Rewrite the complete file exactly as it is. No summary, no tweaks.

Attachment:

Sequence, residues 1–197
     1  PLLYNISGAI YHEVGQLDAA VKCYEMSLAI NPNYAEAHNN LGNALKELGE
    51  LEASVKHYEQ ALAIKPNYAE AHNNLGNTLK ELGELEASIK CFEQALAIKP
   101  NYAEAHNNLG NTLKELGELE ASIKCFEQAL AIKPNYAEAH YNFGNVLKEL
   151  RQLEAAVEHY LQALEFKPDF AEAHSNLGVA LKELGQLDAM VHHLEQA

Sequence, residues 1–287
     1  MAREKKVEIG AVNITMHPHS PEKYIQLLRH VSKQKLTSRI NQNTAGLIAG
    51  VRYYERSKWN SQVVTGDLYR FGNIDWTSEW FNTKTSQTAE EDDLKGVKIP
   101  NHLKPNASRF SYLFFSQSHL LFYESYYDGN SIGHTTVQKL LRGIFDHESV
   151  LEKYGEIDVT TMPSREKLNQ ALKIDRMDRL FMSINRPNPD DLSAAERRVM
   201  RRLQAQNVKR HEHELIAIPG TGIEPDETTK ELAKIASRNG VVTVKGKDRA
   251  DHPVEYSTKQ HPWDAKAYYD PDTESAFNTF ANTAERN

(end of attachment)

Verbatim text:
Sequence, residues 1–197
     1  PLLYNISGAI YHEVGQLDAA VKCYEMSLAI NPNYAEAHNN LGNALKELGE
    51  LEASVKHYEQ ALAIKPNYAE AHNNLGNTLK ELGELEASIK CFEQALAIKP
   101  NYAEAHNNLG NTLKELGELE ASIKCFEQAL AIKPNYAEAH YNFGNVLKEL
   151  RQLEAAVEHY LQALEFKPDF AEAHSNLGVA LKELGQLDAM VHHLEQA

Sequence, residues 1–287
     1  MAREKKVEIG AVNITMHPHS PEKYIQLLRH VSKQKLTSRI NQNTAGLIAG
    51  VRYYERSKWN SQVVTGDLYR FGNIDWTSEW FNTKTSQTAE EDDLKGVKIP
   101  NHLKPNASRF SYLFFSQSHL LFYESYYDGN SIGHTTVQKL LRGIFDHESV
   151  LEKYGEIDVT TMPSREKLNQ ALKIDRMDRL FMSINRPNPD DLSAAERRVM
   201  RRLQAQNVKR HEHELIAIPG TGIEPDETTK ELAKIASRNG VVTVKGKDRA
   251  DHPVEYSTKQ HPWDAKAYYD PDTESAFNTF ANTAERN